Oct 2, 2014


On Sunday I got a recommendation from a dear friend to read The Goldfinch, published last year, written by American author, Donna Tartt.  

Winner of the Pulitzer Prize, the book is described in the New York Times Book Review by Stephen King, "as a rarity that comes along perhaps half a dozen times per decade, a smartly written literary novel that connects with the heart as well as the mind....Donna Tartt has delivered an extraordinary work of fiction."

The book is 771 pages long, I am on page 506 and loving every page, every paragraph, every sentence. I have a tendency to read very fast and I started reading this book fast.  And almost immediately on page 6 or 7, I knew this was going to be a different kind of read. I had to slow way down so I could experience the joy of this author's incredible gift and craft as a writer. If there was a museum for beautifully written books, for masterpieces, this book would certainly be part of the permanent collection. 

I don't know much about Donna Tartt. I found a Youtube interview that I will watch when I finish the book.  She is from Mississippi and I think in her early 40's. 

If you enjoy reading because you like compelling, interesting stories, this is your book. If you like to read because you enjoy language, you enjoy the cadence and ballet of words on the printed page, this is your book. The perspective and details of the world as described by this author are tiny gifts that open up, surprise and delight on each page. 

I am a huge fan of lengthy sentences and she writes amazingly well crafted, detailed, long sentences.  You definitely see the world from a perspective of a profound story teller, a certainly a poet. She is a highly skilled and gifted curator of images, ideas, feelings, emotions. As a reader you are emotionally engaged ! 

The pleasure of reading this book reminds me of other reading experiences  I've never forgotten over the years.  At 16 when I first read The Fountainhead by Ayn Rand, or in my early twenties when I read Animal Dreams by Barbara Kingsolver, or a few years ago when I read The Painter of Battles, by Arturo Perez Reverte.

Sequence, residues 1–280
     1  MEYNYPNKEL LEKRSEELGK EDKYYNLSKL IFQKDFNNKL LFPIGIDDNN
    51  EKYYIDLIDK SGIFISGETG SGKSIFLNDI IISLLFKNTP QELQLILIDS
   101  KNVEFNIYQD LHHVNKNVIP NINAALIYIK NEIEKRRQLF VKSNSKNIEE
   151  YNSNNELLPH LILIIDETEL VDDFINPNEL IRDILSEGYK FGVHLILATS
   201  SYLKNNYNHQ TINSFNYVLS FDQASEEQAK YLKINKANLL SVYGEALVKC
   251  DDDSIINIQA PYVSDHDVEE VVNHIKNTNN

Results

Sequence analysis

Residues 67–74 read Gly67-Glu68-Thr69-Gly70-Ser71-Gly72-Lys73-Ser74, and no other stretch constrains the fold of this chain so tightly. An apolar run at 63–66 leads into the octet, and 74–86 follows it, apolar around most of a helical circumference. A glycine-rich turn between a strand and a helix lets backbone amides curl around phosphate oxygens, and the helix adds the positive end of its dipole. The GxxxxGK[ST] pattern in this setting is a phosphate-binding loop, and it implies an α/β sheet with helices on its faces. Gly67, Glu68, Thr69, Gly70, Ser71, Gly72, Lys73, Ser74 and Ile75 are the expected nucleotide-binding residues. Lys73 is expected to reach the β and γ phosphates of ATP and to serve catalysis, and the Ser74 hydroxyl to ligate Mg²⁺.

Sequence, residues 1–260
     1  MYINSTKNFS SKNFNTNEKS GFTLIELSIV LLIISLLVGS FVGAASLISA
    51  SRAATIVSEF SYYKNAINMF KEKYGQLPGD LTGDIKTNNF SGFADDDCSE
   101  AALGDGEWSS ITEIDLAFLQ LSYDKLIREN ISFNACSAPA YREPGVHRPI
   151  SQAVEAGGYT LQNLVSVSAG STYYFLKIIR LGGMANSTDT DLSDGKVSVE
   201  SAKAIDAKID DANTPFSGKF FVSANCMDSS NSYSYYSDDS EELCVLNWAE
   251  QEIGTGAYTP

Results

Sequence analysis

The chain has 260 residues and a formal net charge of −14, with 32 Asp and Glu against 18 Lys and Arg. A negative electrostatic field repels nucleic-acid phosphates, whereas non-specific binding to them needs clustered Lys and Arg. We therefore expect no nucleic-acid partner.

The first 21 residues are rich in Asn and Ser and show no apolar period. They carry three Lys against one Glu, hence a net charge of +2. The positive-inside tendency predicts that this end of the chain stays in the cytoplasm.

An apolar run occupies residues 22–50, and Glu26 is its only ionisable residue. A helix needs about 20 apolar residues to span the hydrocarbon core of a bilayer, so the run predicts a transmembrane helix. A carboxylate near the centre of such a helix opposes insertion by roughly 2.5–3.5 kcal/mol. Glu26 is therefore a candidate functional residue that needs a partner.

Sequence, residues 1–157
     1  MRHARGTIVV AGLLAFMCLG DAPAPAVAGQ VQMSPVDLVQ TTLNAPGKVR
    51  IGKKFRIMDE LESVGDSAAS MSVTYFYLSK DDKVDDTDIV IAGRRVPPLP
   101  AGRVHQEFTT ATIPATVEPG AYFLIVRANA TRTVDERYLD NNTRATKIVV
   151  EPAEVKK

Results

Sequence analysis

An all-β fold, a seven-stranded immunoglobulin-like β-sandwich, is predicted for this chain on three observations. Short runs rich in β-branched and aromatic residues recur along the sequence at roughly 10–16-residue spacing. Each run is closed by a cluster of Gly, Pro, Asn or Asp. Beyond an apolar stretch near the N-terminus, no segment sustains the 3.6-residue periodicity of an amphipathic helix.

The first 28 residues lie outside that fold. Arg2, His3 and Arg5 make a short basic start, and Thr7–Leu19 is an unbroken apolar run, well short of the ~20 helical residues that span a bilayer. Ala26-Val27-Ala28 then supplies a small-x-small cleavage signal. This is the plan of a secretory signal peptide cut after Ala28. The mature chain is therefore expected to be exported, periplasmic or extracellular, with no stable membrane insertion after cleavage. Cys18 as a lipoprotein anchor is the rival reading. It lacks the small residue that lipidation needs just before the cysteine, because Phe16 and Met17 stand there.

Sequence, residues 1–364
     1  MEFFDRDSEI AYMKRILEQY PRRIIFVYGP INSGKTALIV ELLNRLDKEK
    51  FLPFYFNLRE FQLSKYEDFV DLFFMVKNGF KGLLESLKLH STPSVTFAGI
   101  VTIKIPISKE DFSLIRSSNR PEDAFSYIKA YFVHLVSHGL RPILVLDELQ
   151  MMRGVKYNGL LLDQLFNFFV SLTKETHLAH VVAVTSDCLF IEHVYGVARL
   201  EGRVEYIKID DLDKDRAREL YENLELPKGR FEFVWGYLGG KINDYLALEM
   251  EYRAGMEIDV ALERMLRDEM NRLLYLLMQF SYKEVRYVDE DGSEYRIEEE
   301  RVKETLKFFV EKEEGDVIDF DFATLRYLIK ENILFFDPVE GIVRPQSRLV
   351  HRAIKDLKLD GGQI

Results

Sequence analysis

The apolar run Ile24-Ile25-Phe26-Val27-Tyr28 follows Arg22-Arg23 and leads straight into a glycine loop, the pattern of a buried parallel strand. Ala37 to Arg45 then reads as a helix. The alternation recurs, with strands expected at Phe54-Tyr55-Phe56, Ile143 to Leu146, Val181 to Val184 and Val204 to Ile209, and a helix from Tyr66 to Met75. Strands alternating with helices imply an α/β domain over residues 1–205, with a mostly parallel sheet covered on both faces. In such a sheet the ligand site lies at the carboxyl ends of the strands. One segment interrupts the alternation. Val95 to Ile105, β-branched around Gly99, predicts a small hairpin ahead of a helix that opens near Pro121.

This book is about many things. Art, good, evil, fate, fortune, kindness, death, drugs, mental illness, friendship, love, Mothers, Fathers, New York, Las Vegas, Amsterdam. This book treats death in many different ways. The story is compelling, "page turning" compelling.  As I've read more and more I've considered who would play what parts if the book is adapted into a major motion picture. 

The experience of reading a wonderful book, like getting to know someone very quickly and making a connection for life. I already know I want to read this book again. And certainly I will look for and read the other two books Donna Tartt has published. 

I've had to put the book down and stop reading because I don't want the story to end.  I don't want the surprises of her language to end, how she describes a hotel room, or a smile or water splashing on the streets of New York. Her characters are real, well developed. She delicately shares clues of what lies ahead; yet you are continually surprised at how intricately the story is woven. 

And having time to read a wonderful book, that even makes the experience much better. Yesterday I read in the morning. Today I waited until the afternoon.  

I will read again tonight, I am anxious to know how the story ends. 

The Goldfinch Painting @ The Frick Museum in NYC